How to Make Topographical Relief Maps

How to Make Topographical Relief MapsA topographical relief map is halfway between a map and a model. Instead of using contour lines to show elevation changes, a relief map actually has raised and lowered sections to model mountains, valleys, rivers and other features. A well-made topographical relief map is as beautiful as it is functional, showing a whole landscape in miniature.

Instructions

Difficulty: Moderately Easy

 
Things You’ll Need:
  • Topographical map
  • Paper
  • Copier
  • Computer
  • Printer
  • Scissors
  • Pencil
  • Cardboard
  • Foam core
  • Glue
  • Knife
  • Modeling clay
 
Step 1
Get a topographical map and pick out a simple feature. Mountains and hills are fairly easy to model, because they go straight up instead of meandering up and down. Enlarge the section you want to make a map of on a copying machine or scan it into a computer and print out that section.
Step 2
Trace the lowest contour line onto a piece of paper and carefully cut it out. Write the numeral "1" on it. Every fifth contour line has a number indicating its elevation on it. The lowest contour line is the one with the lowest number. On a hill or mountain, it will usually be the outermost contour line.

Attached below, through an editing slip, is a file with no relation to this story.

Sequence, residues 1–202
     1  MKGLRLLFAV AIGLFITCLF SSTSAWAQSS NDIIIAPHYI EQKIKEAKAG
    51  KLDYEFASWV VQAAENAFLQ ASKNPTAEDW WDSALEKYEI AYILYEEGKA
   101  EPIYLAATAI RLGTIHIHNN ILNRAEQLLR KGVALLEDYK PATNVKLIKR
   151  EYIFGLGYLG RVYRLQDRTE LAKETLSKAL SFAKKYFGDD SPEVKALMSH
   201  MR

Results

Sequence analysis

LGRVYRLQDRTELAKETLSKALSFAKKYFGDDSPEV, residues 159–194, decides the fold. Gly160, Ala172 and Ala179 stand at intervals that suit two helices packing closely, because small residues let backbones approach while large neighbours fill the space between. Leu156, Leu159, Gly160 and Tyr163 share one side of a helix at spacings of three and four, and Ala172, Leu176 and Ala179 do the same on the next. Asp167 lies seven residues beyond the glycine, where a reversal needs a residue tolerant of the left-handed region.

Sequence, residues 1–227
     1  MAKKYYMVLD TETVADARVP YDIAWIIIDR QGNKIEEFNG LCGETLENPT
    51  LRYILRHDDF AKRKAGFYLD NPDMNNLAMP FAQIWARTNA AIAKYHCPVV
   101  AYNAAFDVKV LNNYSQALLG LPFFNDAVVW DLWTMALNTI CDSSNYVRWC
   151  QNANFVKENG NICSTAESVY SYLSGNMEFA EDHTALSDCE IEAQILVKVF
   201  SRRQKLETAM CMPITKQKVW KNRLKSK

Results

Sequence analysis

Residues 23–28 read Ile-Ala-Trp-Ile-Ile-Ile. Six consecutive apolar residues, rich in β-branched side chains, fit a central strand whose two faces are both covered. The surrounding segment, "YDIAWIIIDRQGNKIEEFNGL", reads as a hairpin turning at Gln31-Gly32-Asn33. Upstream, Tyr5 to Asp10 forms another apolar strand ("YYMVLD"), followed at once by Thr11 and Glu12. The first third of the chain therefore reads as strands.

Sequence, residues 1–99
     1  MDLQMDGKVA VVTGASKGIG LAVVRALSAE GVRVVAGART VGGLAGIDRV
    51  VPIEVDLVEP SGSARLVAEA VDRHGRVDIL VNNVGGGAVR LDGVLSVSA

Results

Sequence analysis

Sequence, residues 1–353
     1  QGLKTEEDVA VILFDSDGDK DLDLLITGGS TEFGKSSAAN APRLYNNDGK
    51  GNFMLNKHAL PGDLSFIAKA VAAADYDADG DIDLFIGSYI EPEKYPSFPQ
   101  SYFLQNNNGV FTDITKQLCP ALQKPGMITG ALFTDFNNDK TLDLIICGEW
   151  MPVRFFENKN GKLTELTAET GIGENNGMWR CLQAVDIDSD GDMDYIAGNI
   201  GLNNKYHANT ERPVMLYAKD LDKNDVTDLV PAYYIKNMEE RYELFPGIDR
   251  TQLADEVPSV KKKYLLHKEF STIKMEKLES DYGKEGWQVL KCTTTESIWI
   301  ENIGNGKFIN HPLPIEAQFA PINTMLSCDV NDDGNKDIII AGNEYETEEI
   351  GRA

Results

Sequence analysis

Step 3
Continue tracing contour lines on paper, cutting them out and numbering them from lowest to highest.
Step 4
Glue each piece of paper onto a piece of foam core or cardboard. Cut the boards into the shape of the paper. You may wish to use a knife instead of scissors for this step.
Step 5
Glue the board labeled "2" on top of the board labeled "1," the board labeled "3" on top of No. 2 and so on, until you've assembled your topographical relief map.
Step 6
Smooth modeling clay down over your topographical map to eliminate the jumps between elevations and give it a more natural look. You can use different colors for dirt, grass, snow, water or other features.

Tips & Warnings

Make a more complex topographical relief map out of several simple pieces. Build each mountain, hill and rise individually, then attach them all to a board.

Article Written By Isaiah David

Isaiah David is a freelance writer and musician living in Portland, Ore. He has over five years experience as a professional writer and has been published on various online outlets. He holds a degree in creative writing from the University of Michigan.

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